In this obscure corner of southern China, General Motors seems to have hit on a hot new formula: $5,000 minivans that get 43 miles to the gallon in city driving. That combination of advantages has captivated Chinese buyers, propelling G.M. into the leading spot in this nascent car market…. To build the cars, G.M. helped gut and rebuild a former tractor factory in ways that could become a model for automobile production in China for years to come. Long white halls erected in 1958 during Mao’s Great Leap Forward still stand here, the paint peeling in places, the wood window frames warped and the windowpanes cracked and broken. Inside, however, is a factory that combines old and new management techniques. Small, plastic racks of parts delivered several times or more a day have replaced large bins of parts delivered to the assembly line in big shipments every few days. This way, the factory can keep low inventories and order quick design changes, if necessary, from nearby suppliers. The assembly process has only one robot, for sealing windshields, relying mostly on workers earning $60 a month, above average for this impoverished region. That comes after G.M.’s experience in Shanghai, where it installed four dozen robots for its first assembly line only to find them much costlier and less flexible than people; G.M.’s second assembly line there was built with only four robots. “Low cost doesn’t just mean low wages, it means low investment,” Mr. [Stephen] Small [the G.M.-appointed chief financial officer of the joint venture] said. Worker safety in most Chinese factories is abysmal by Western standards. But workers at the factory here wear safety glasses, and the equipment has automatic cutoffs to prevent workers from losing fingers.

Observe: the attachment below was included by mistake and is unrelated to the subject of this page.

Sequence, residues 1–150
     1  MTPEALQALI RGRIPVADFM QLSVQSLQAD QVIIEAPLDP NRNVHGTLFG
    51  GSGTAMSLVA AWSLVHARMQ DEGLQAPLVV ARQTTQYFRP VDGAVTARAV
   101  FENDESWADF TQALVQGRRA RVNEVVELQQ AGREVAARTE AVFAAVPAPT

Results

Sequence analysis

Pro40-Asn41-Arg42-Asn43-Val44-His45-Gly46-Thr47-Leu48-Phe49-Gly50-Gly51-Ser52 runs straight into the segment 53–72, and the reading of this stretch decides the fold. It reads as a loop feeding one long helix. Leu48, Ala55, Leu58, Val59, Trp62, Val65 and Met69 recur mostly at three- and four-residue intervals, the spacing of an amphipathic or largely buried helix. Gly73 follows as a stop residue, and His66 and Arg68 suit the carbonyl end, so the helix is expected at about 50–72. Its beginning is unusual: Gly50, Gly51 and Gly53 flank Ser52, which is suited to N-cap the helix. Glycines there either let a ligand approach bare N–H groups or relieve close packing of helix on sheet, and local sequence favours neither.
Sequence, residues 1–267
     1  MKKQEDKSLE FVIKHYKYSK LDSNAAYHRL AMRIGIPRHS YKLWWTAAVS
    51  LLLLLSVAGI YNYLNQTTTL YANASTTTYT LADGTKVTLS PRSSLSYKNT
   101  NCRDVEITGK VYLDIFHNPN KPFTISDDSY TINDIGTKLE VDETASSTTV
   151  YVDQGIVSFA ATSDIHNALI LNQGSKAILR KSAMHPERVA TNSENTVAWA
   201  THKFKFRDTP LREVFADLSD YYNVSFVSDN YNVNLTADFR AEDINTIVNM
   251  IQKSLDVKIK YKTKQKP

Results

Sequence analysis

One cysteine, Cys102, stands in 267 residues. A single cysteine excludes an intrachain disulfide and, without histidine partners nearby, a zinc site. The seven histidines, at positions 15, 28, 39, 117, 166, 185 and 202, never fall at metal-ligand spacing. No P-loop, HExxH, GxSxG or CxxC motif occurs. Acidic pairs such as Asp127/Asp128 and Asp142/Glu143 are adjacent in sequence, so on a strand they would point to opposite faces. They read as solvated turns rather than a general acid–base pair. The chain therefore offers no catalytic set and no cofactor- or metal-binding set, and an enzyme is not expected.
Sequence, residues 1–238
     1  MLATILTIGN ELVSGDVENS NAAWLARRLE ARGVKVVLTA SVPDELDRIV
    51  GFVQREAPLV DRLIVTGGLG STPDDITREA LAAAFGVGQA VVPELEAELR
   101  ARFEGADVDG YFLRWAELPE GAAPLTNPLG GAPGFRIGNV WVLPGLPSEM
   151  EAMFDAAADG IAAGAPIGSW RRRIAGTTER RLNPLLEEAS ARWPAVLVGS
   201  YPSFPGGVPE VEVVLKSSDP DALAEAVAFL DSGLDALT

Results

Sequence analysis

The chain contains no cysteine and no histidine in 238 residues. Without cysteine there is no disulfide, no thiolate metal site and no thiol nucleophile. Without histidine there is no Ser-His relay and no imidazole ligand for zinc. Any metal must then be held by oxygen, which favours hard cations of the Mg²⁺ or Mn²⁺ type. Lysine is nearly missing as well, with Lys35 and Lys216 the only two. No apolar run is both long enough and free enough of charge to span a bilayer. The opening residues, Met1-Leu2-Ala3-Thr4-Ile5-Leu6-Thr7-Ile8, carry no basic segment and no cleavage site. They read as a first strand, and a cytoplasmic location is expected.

The depressing fact is that, naturally, GM is punishing the guy that came up with the process and product ideas behind the minivan in the first place: